Rams legend Eric Dickerson shares his frustration with his former team’s new logos

Eric Dickerson is mostly known for two things: being one of the greatest running backs in NFL history, and being someone who is never afraid to express his true feelings. 

Dickerson, who currently serves as the Rams’ vice president of business development, was brutally honest when he was recently asked about the Rams’ new logos, which were unveiled earlier this week. Dickerson, who rushed for an NFL record 2,105 yards as a member of the Rams in 1984, expressed his disappointment during a conference call with the design team that came up with the new logos. 

“I asked the guys, ‘Why mess with something that’s good?'” Dickerson said on ‘The Doug Gottlieb Show.’ “The Cowboys don’t change their logos. The Raiders don’t change their logos. The Colts, when they went from Baltimore to Indianapolis, didn’t [change logos].” 

The reason behind the new logos, as it was explained to Dickerson, has to do with the Rams’ desire to establish their own identity in Los Angeles after spending over two decades in St. Louis before returning to L.A. in 2016. That answer didn’t fly with Dickerson. 

“I said, that has nothing to do with nothing,” Dickerson said. “The players who played there, you give them respect. Anybody who plays under the Rams’ logo, no matter where they were, played for the Rams.”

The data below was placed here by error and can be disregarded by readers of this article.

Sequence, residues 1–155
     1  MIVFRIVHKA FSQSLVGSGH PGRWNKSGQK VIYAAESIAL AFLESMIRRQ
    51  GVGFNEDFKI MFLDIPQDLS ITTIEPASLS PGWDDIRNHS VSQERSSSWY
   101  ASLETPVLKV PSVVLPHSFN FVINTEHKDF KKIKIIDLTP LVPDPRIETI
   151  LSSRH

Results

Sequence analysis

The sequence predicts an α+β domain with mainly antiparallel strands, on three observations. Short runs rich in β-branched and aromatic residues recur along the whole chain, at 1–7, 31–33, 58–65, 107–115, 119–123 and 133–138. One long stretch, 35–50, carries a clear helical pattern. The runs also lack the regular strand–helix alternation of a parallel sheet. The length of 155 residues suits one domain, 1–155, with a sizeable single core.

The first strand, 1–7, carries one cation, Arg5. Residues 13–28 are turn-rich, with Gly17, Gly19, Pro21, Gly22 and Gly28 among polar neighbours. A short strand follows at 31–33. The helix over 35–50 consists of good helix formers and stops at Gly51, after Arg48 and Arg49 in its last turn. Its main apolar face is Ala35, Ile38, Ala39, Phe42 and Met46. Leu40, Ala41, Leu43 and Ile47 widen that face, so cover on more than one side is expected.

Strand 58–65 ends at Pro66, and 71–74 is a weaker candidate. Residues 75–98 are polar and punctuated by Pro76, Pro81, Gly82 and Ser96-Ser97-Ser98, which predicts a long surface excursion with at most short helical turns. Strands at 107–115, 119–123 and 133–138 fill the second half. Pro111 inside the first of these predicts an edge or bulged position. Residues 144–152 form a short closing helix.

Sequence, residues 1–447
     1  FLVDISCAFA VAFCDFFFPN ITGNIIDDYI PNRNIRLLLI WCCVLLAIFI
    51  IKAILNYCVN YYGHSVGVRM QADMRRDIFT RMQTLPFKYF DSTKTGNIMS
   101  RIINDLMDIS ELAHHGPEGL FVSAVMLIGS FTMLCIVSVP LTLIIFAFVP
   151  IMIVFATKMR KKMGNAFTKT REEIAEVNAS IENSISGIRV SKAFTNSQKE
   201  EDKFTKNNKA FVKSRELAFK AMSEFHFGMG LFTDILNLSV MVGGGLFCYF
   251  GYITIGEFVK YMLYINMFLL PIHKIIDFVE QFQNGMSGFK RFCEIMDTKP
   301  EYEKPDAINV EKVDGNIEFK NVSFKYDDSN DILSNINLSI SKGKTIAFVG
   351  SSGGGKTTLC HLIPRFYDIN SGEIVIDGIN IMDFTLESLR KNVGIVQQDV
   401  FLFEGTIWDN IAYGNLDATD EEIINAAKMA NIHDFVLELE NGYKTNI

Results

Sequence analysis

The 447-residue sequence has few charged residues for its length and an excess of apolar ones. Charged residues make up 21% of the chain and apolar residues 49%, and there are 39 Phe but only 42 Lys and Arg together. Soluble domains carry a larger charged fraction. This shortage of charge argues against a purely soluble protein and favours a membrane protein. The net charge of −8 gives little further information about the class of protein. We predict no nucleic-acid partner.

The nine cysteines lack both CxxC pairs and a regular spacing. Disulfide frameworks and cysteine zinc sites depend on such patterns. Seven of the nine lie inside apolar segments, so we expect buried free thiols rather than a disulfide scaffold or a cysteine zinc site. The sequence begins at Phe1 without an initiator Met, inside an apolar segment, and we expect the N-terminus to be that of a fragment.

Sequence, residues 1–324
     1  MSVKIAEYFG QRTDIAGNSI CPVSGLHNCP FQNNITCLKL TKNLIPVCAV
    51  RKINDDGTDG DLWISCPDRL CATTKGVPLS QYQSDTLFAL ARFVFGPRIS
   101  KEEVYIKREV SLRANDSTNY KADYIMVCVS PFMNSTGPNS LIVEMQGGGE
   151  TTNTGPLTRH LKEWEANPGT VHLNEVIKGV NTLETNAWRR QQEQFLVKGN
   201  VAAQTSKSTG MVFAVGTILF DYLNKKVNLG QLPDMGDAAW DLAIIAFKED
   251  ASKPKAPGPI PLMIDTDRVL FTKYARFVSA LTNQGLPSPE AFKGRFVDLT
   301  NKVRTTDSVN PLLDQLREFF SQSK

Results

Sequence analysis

While he isn’t a fan of the new logos, Dickerson should be happy with the fact that the Rams have apparently gone away from the navy gold/blue jerseys that the then St. Louis Rams began wearing in 2000, shortly after winning the franchise’s first Super Bowl. That color scheme came with the Rams to Los Angeles with one minor change: the Rams started wearing navy blue and white helmets to pay homage to the helmets the Rams wore during the “Fearsome Foursome” era of the 1960s. The Rams’ primary colors will once again be royal blue and yellow, the team’s primary color scheme from 1973-99. 

Color scheme aside, Dickerson still isn’t a fan of the new logos, an opinion he likely won’t change anytime soon. 

“The logo, no, I’m not feeling it,” he said. “I just don’t like it. And I just hope to God that they don’t change the logo on the helmet. If they do that on the helmet, that’s gonna be a disaster.” 

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